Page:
factFiction4 FactCheck: Frosty reception for 4G broadband launchThe claim

“If the Conservative-led government had got its act together and held the 4G auction when planned, millions of people would already be enjoying the benefits of 4G.”
Helen Goodman MP, 30 October 2012

The background

The launch of the UK’s first 4G mobile network was greeted with cautious optimism in many quarters today, but not in the headquarters of the Labour Party.

The superfast broadband technology could revolutionise the way we work and play, promising download speeds many times faster than current limits. But it will only be available initially to customers of the operator EE who live in Bristol, Birmingham, Cardiff, Edinburgh, Glasgow, Leeds, Liverpool, London, Manchester, Sheffield or Southampton.

Labour says this piecemeal introduction of 4G years after its arrival in other countries is a damning indictment of the government.

Helen Goodman, shadow media and communications minister, said: “If the Conservative-led government had got its act together and held the 4G auction when planned, millions of people would already be enjoying the benefits of 4G.

“Instead, most of the population will still have to wait months to get access to the technology.”

Is the launch of 4G another example of government incompetence?

The analysis

It’s true that the UK is lagging behind other countries in getting access to 4G. We’re years behind Sweden, Norway, Germany and the US. Why?

Ofcom, the regulator that issues licences for broadcasters to use chunks of the radio frequency spectrum, first started talking about a sell-off of airspace suitable for 4G back in 2006.

An auction of the 2.6GHz spectrum was first planned for 2008, under the last government, but the idea was scuppered when O2 and T-Mobile launched a legal challenge.

Over the next three years Vodafone, Everything Everywhere (the operator of Orange and T-Mobile in the UK), BT and O2 all threatened to sue at different times, saying various designs of auction unfairly favoured their rivals.

In November 2010 Ofcom promised that an auction of the 2.6Ghz and 800Mhz spectrum would finally go ahead in spring this year. But complaints and threats of legal action from the operators meant the deadline slipped.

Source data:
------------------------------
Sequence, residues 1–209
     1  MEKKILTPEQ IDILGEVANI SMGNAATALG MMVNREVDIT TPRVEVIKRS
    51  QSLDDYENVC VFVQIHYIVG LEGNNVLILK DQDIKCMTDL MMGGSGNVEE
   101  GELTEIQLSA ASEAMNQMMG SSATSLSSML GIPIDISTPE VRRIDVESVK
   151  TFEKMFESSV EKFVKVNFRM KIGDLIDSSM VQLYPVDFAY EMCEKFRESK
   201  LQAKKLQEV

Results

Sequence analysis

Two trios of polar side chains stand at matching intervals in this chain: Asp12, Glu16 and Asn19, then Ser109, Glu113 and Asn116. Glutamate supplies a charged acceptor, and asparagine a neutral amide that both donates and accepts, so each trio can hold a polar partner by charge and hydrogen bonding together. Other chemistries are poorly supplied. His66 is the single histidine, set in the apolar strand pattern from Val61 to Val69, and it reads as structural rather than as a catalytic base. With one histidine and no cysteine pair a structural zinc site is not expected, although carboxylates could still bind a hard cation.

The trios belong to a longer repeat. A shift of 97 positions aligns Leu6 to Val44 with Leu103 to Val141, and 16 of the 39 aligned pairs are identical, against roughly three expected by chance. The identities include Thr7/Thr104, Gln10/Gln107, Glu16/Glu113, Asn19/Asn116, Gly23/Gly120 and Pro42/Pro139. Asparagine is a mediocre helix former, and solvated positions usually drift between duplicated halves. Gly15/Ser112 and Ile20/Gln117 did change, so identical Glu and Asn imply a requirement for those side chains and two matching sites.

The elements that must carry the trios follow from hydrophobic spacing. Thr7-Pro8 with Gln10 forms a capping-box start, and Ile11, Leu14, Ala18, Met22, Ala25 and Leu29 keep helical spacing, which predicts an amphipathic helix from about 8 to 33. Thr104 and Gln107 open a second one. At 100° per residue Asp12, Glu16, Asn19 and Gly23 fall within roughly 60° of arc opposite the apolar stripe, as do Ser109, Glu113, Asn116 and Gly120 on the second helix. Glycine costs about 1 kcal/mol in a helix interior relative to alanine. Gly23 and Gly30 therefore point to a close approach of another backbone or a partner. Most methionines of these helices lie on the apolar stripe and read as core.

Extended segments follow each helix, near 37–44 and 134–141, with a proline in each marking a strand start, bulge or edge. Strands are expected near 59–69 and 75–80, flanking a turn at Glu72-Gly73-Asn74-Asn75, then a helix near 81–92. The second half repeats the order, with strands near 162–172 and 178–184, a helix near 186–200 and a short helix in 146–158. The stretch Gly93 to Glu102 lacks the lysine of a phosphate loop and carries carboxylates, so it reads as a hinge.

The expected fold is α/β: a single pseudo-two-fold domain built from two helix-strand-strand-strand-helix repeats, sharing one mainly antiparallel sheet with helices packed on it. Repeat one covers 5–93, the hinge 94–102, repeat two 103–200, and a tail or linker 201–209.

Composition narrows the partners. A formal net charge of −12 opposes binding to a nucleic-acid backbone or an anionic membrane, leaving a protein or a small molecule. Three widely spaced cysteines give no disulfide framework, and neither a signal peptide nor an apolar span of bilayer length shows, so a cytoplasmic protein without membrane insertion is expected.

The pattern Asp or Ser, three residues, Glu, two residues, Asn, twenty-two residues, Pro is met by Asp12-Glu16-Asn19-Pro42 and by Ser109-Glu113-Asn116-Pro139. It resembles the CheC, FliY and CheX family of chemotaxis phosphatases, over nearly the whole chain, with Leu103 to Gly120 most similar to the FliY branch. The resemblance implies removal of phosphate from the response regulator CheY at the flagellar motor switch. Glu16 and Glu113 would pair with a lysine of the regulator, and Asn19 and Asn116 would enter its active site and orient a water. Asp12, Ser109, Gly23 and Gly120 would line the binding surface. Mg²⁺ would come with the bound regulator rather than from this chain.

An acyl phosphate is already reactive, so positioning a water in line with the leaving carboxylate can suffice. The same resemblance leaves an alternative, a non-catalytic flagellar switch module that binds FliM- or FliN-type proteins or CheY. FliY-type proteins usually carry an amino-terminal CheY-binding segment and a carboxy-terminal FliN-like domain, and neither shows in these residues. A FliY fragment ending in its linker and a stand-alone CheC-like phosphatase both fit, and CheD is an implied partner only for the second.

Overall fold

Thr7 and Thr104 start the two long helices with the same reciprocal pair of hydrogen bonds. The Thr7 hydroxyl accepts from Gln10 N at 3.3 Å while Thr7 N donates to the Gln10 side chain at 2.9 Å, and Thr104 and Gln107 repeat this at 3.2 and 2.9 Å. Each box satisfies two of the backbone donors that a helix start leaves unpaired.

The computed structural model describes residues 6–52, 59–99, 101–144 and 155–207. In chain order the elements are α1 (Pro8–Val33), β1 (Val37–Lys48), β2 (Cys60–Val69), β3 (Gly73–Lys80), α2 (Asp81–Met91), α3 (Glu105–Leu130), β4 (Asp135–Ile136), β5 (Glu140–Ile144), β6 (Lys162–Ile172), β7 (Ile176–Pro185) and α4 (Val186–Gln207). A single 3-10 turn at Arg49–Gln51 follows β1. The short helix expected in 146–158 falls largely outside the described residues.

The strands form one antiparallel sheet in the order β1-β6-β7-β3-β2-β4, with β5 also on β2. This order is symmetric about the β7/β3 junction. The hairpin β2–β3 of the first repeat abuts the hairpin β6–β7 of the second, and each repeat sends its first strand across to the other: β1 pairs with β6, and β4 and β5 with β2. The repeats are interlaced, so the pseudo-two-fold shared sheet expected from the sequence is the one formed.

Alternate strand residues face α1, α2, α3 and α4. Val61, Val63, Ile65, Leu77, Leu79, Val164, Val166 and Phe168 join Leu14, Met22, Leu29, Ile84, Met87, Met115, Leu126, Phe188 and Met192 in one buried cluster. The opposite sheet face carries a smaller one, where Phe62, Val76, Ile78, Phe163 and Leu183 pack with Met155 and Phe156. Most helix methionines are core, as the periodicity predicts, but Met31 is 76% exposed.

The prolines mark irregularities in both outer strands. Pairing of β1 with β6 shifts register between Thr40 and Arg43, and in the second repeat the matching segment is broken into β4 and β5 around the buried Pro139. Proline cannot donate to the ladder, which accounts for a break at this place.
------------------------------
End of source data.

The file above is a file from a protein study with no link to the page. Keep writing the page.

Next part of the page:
Some industry insiders were surprised by the terms of the current deal, which gives EE a clear advantage over its rivals by allowing the company to launch 4G on its existing networks, ahead of the auction.

More threats of litigation were expected, but an agreement was finally brokered, reported only after “crunch talks” between the phone companies and ministers at the Department of Culture, Media and Sport.

All of this suggests that it is the mobile phone operators, not Ofcom or the government, who are responsible for much of the delay.

In any event, Labour’s record on speeding up the process was hardly exemplary.

And it was the last government that effectively established the timetable for the widespread roll-out of 4G when it fixed the timing of the switchover to digital TV.

Eight digital TV channels take up the same amount of spectrum as one analogue TV channel, so the change to digital freed up the space which will now be handed over to the mobile phone companies.

When the last government set the switchover timetable for 2008 to 2012, it effectively ordained that there would be no major 4G rollout until this year.

The verdict

It’s clear that there’s a lot at stake in 4G. Philip Bates from the leading telecoms consultancy Analysys Mason told us not to be fooled by reports downplaying the initial performance of 4G.

“You won’t necessarily see a big improvement from using the first 4G service, but 4G is right at the beginning of its life cycle and there is a lot more potential for speed to increase in the future.

“And the big hope is that broadband coverage extends to other places that have so far missed out – 4G could work better both in far-flung rural areas and in heavily built-up areas.”

He quoted research by Capital Economics which predicts a boost to the UK economy of around £75bn over a decade.

Then of course there’s the windfall from the auction itself, which is likely to bring in £2-4bn to the exchequer. The political argument about what to spend the money on has already begun.

Could we have got that much-needed cash sooner if the auction had not been put back again and again? Probably, but it’s difficult to see how Labour can pin the blame on Ofcom or on the government.

The mobile phone operators have shown themselves to be enthusiastic litigants in the past, and if Ofcom had pushed ahead with an unpopular design of auction despite the threats, it could have led to years of legal wrangling.

Labour appear to be on shaky ground if they want to use the saga of 4G for political point-scoring.

By Patrick Worrall

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